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PASOK’s burden
Sep 21, 2003

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Announcements regarding the legalization of illegally constructed buildings show that the ruling PASOK party is planning to exhaust every possibility for adopting vote-gathering measures in an attempt to reverse the current climate before the next election. Poll results, initial indications from surveys not yet completed, and prevailing political opinions all conclude that the difference between the main opposition New Democracy party and PASOK is decreasing, but not enough to reverse the current correlation of forces.

ND’s lead is due not only to the rallying of its electoral base but primarily to the political decline of the ruling party. In other words, a large number of voters — in the main reacting to government policy — have moved over to the main opposition party. Even at the best of times for the government, the difference between the two parties has not fallen below six points. In practice this means that ND’s lead is well established. Its exact extent may depend on the political circumstances of the time, but there is a definite hard core of about six percentage points that remains steady.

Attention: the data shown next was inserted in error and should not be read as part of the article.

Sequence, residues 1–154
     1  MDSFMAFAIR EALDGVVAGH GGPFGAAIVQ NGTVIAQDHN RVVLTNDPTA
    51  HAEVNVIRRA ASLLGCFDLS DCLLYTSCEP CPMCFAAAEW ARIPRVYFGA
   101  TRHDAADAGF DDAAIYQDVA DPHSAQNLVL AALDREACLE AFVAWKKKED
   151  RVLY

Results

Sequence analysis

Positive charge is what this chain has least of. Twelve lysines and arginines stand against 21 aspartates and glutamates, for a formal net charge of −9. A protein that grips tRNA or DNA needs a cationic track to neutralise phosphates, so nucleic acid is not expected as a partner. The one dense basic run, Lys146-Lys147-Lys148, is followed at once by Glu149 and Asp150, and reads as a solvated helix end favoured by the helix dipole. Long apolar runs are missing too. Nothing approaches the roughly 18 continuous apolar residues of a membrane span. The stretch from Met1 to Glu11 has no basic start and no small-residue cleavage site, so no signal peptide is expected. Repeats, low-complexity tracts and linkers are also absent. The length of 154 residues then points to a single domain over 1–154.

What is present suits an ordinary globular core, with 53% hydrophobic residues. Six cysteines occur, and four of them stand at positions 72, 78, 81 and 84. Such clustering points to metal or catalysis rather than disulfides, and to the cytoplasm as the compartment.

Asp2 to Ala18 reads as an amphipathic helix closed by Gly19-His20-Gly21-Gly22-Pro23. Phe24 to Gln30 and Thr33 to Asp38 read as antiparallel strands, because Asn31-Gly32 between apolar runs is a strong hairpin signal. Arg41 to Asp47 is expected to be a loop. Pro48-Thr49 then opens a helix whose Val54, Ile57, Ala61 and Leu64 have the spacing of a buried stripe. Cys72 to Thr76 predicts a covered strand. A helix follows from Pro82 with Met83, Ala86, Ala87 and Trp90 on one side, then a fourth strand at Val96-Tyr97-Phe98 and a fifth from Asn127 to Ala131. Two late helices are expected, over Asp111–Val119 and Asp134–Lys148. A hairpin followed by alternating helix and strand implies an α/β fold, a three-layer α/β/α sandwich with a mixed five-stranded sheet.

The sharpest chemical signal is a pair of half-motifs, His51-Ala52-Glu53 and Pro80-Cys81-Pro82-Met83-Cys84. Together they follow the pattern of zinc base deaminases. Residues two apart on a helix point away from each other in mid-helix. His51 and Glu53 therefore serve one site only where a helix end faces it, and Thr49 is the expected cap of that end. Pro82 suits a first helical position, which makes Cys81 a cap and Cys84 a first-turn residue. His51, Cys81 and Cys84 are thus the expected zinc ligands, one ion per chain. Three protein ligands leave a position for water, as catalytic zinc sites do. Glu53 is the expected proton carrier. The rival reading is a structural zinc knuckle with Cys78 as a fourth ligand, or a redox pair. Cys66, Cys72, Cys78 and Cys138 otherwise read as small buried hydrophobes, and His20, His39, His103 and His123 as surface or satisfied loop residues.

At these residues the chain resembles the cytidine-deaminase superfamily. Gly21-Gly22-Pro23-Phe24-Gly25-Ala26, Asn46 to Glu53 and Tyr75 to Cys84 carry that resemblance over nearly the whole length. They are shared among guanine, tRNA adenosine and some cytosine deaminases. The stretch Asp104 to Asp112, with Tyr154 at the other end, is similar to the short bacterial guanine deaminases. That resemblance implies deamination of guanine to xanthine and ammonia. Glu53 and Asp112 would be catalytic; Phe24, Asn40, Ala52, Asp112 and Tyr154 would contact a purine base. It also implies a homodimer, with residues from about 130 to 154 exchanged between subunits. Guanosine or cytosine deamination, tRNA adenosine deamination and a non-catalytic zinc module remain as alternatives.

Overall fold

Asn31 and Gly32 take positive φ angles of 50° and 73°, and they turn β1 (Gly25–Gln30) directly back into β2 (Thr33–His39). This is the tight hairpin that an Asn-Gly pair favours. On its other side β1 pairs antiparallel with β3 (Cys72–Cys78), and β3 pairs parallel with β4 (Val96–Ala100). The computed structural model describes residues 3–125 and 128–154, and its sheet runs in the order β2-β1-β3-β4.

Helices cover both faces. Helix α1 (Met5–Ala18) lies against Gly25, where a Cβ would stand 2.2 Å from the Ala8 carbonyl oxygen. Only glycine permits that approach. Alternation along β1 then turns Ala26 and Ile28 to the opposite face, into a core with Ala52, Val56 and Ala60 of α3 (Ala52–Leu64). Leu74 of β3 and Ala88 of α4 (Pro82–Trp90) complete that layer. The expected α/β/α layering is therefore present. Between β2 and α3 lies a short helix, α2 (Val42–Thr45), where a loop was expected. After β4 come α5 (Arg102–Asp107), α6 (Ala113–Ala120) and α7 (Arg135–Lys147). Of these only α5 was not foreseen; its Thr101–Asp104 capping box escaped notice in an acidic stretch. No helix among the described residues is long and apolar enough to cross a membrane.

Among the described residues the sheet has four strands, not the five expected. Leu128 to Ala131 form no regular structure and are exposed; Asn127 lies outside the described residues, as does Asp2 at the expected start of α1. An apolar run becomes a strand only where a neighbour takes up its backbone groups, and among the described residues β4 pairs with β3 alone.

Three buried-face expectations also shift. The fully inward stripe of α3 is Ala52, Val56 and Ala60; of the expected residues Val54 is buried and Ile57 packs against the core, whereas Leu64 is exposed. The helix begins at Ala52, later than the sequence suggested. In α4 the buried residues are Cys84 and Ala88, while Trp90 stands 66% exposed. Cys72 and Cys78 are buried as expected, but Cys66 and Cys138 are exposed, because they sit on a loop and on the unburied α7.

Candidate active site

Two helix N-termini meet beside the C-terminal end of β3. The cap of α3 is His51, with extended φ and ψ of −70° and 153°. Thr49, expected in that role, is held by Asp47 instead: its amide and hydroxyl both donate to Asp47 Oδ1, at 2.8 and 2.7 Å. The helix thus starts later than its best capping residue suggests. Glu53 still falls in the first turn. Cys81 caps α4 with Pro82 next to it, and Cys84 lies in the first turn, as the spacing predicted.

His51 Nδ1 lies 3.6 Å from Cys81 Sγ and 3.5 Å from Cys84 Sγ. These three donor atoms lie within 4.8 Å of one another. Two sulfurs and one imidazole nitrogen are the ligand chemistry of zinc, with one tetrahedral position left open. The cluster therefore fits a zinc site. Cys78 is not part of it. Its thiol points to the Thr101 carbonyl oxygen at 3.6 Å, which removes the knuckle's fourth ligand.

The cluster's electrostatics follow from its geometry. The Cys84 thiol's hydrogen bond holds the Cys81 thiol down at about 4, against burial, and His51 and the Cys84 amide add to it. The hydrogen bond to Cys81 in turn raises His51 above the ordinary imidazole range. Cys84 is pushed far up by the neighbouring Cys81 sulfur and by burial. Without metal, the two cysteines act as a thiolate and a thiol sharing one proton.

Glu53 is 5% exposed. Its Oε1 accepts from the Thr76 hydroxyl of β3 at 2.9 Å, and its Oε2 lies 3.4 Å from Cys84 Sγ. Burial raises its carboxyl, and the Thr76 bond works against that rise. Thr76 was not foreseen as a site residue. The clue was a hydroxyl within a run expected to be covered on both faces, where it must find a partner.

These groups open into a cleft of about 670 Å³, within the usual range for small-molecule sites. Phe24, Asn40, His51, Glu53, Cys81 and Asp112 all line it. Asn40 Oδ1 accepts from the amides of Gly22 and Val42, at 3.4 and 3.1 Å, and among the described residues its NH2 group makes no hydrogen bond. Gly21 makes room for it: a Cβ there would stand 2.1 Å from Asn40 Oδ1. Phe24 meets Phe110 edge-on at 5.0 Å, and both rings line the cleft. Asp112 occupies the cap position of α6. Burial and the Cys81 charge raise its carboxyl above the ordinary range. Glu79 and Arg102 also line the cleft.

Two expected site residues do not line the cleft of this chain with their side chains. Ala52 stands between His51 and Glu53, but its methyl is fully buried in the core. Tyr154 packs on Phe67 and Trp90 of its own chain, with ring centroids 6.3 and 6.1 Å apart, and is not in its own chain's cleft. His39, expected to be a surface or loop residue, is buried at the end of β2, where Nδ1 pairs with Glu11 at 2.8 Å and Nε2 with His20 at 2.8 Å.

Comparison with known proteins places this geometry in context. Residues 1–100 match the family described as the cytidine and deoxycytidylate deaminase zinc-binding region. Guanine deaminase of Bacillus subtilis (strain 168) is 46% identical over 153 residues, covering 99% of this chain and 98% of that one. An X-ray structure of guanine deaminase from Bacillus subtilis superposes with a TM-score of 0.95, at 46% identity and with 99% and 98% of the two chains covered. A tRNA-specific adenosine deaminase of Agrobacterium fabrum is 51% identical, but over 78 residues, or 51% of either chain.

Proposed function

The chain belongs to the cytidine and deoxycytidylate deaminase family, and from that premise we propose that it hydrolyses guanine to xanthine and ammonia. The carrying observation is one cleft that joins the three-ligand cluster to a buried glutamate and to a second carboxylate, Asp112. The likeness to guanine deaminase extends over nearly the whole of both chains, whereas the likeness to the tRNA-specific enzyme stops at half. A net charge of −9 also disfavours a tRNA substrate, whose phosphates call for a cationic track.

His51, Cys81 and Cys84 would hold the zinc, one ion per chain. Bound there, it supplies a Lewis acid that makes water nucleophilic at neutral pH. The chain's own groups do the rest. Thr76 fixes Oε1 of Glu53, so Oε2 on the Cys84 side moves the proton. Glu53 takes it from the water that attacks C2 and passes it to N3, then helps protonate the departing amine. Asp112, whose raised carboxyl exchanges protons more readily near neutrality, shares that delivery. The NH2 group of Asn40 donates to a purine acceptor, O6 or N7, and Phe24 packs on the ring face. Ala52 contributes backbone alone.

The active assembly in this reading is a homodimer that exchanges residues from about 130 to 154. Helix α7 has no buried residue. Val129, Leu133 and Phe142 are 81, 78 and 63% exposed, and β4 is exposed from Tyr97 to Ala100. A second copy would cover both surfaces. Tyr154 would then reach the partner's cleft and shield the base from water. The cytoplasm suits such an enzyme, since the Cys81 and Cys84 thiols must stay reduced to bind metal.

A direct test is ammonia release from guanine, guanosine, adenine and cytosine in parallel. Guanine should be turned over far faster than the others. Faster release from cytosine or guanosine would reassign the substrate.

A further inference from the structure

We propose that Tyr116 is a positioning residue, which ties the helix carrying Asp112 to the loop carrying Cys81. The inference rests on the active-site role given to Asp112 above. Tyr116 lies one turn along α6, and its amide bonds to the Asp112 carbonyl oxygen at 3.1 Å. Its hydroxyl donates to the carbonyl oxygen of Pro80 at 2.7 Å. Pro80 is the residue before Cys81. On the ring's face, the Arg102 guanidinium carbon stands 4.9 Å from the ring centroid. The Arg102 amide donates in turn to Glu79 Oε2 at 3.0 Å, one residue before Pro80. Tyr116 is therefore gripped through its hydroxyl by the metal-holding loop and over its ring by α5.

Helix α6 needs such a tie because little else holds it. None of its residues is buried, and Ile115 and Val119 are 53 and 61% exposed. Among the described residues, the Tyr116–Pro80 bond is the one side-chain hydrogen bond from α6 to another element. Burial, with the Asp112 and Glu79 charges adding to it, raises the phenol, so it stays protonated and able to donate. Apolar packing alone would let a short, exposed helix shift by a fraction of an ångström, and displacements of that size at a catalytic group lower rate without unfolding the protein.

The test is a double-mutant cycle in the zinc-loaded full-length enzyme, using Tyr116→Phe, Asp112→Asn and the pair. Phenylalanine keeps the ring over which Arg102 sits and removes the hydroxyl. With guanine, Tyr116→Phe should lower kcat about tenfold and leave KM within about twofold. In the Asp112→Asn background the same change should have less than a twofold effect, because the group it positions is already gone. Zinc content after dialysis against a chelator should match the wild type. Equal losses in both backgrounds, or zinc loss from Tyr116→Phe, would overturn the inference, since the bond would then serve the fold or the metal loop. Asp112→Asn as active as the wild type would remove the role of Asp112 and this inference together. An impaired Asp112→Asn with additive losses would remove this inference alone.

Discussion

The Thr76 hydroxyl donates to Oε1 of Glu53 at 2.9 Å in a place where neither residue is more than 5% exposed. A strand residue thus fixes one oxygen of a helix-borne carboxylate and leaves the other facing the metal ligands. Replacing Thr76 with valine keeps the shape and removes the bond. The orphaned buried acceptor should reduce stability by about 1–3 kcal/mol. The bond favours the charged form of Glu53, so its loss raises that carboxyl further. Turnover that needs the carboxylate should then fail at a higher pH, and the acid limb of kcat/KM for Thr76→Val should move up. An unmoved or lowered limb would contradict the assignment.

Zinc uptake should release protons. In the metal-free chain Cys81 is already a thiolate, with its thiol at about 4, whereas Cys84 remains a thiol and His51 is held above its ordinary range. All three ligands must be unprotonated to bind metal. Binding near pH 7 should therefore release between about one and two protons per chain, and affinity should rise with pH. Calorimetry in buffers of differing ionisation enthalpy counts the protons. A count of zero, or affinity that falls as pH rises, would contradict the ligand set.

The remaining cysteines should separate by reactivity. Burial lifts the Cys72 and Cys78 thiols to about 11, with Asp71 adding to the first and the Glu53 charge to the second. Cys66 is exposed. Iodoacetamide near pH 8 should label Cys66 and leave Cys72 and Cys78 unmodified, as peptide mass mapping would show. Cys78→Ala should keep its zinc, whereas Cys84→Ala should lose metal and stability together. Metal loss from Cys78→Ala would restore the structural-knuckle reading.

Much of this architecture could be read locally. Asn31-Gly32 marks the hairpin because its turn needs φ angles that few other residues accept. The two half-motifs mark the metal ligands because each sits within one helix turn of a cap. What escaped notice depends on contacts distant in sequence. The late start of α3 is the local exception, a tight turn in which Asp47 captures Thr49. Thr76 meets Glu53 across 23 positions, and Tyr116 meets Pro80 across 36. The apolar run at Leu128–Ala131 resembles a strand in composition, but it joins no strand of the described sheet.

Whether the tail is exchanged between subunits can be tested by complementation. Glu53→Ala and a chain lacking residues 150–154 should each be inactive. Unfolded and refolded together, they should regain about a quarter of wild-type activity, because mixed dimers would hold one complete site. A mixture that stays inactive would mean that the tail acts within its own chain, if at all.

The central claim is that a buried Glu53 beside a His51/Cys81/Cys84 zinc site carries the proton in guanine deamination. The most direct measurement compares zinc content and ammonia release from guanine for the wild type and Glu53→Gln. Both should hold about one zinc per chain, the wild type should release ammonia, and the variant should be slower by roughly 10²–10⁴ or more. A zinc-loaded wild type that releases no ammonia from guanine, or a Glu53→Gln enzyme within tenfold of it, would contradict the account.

It is precisely this factor that makes PASOK’s counterattack so difficult. The psychological need on the part of the ruling party to keep alive some hope and nourish the possibility that the climate can be reversed is understandable. However, the facts are not in its favor, even if the outcome is judged only on election day.

PASOK’s greatest opponent is not ND, but the disillusioned social groups who once supported it. These are the main reasons that have led to the outflow of voters to the opposition. The long years in power have not only brought about political decline. Entangled interests and the rising tide of corruption have brought about a marked moral decline as well, which undermines our society’s value system.

It is true that the package of handouts, vote-grabbing measures and wave of campaign promises have not left the beneficiaries unmoved, but they have not greatly altered their electoral preferences. Experience has shown that the campaign “gifts” are not enough on their own. On the other hand, the government’s attempt to interact with various categories of voters further undermines its political credibility with other social groups. This means that the electoral balance does not appear to be tilting according to the government’s plans.

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